Saaremaa is the largest island belonging to Estonia, measuring 2,673 km and belongs to the West Estonian Archipelago. The capital of Saaremaa is Kuressaare, which has about 15,000 inhabitants; the whole island has over 39,000 inhabitants.

 - Saaremaa archipelago - Windmill restaurant Veski - Kaali meteorite crater in Saaremaa- Kuressaare Castle

Saaremaa - the biggest island of Estonia is known as a good recreation place with unique nature and a lot of sights. Saaremaa has retained its uniqueness due to its location and insulation. In the villages there are still stone fences and houses with thatched roofs, beautiful national costumes and dialectal language are still used. Junipers, dolomite, windmills and the famous local home-brewed beer are considered the symbols of Saaremaa.

Roughly 40% of its inhabitants live in the capital city, Kuressaare, where a historic Old Town and parks surrounding a picturesque 13th-century castle set a romantic mood for all who visit. Inhabited for at least 6000 years, Saaremaa is known in older German and Russian sources as Ösel.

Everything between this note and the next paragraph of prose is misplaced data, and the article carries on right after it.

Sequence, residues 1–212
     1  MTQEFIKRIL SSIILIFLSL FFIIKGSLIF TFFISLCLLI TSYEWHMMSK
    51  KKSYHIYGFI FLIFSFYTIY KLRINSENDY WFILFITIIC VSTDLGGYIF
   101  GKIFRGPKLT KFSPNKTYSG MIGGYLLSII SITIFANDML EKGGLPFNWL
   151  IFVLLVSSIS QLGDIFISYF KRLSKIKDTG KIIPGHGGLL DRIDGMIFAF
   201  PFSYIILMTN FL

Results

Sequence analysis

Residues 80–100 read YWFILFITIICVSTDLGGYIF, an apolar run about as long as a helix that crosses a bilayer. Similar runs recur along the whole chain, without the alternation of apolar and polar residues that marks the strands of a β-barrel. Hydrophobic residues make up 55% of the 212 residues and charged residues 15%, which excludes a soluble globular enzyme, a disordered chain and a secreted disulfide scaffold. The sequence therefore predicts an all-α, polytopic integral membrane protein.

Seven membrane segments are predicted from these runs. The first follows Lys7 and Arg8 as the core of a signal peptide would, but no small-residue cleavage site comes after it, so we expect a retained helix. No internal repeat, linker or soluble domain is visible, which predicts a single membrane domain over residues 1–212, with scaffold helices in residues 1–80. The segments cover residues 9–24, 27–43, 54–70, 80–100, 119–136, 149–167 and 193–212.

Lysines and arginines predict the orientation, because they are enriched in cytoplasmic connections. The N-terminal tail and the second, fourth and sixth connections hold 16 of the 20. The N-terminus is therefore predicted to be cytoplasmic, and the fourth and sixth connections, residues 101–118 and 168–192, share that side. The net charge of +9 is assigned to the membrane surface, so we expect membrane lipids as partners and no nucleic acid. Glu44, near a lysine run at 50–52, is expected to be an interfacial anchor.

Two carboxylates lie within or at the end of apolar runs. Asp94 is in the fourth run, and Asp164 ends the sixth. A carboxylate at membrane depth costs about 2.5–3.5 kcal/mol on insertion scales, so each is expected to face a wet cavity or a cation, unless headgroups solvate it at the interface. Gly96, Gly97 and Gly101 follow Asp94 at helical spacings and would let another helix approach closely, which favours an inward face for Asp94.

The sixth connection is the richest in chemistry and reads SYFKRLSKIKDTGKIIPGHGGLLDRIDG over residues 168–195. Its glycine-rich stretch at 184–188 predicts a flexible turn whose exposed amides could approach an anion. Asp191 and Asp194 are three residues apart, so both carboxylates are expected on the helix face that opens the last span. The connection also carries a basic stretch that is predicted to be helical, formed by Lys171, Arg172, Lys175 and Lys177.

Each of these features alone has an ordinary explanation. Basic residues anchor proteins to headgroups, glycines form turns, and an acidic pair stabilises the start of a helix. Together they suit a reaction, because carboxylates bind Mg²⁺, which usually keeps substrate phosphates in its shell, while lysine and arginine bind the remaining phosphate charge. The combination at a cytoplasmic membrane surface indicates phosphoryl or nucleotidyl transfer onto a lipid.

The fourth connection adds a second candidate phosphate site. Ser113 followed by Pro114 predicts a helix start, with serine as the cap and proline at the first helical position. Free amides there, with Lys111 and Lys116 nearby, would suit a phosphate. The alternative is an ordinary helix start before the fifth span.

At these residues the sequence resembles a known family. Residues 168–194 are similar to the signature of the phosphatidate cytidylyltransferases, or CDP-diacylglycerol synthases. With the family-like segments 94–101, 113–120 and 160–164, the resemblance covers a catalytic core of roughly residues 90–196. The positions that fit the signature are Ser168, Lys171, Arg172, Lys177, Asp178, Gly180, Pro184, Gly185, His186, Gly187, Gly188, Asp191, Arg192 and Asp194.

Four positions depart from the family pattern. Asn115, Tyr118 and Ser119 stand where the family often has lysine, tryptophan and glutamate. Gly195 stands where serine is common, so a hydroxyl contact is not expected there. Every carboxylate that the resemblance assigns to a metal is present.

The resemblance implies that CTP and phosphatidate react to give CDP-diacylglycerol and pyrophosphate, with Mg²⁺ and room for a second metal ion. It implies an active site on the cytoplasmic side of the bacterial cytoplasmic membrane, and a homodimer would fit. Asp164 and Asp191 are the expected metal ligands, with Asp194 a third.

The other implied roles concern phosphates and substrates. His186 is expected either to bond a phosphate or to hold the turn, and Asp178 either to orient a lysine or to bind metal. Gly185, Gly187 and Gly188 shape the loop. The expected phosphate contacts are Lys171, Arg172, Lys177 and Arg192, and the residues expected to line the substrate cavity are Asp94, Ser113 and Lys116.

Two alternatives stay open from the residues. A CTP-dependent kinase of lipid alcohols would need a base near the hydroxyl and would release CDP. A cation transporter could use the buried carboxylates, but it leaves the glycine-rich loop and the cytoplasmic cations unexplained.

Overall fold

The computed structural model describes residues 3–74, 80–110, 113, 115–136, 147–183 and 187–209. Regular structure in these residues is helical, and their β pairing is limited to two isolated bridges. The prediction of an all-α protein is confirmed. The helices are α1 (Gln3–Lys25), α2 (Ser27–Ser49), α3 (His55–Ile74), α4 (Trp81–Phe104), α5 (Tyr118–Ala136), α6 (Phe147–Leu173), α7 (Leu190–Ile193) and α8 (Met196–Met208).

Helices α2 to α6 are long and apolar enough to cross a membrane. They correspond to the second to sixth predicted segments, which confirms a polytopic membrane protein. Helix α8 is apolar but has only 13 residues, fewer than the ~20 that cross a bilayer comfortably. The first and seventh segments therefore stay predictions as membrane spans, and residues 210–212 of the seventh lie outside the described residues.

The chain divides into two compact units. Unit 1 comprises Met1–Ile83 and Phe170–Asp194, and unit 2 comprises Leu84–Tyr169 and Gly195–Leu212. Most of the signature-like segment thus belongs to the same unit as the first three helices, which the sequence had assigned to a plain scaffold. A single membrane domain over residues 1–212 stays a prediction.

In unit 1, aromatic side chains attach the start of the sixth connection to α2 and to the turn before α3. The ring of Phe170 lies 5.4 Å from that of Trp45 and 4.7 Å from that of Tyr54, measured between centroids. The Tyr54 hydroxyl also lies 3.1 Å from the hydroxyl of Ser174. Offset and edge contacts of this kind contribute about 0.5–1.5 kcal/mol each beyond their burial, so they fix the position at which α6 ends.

Due to its geographic location between the East and the West, the territory of Saaremaa has been ruled by different countries. For 700 years Germans, Danes, Swedes and Russians have taken turns possessing the island. During the Soviet period, the entire island was a restricted military zone where even Estonians needed a special permit to visit. Today the island - with its windmills, medieval churches, limestone cliffs and rare wildlife - is one of the most popular destinations in Estonia.

Hiiumaa is the second largest island (989 km²) belonging to Estonia. It is located in the Baltic Sea, north of the island of Saaremaa, a part of the west Estonian archipelago. Its largest town is Kärdla.

 - Cranberries - Autumn in Hiuumaa - FOTO Hiiumaa  kivirand ja meri (sirli foto) - majakas Hiiumaal

Located In the eastern part of the Baltic Sea, the island of Hiiumaa and a number of small islets cover an area of about 1 000 square km. Hiiumaa is the second largest island in Estonia, separated from the mainland by a 22 km wide strait.

Around the island there are more than 200 islands and islets have no flora and fauna for they have only recently merged from the sea. Thanks to the surrounding sea, the climate on Hiiumaa is a bit different from the one on the continent. There are more sunny days with and less rainy days.

Hiiumaa is the place to visit for people who want to explore unspoilt nature - forests cover over 60% of the island. One can find about 1 000 species of higher plants in the rich flora of Hiiumaa. Over 50 rare species are protected.

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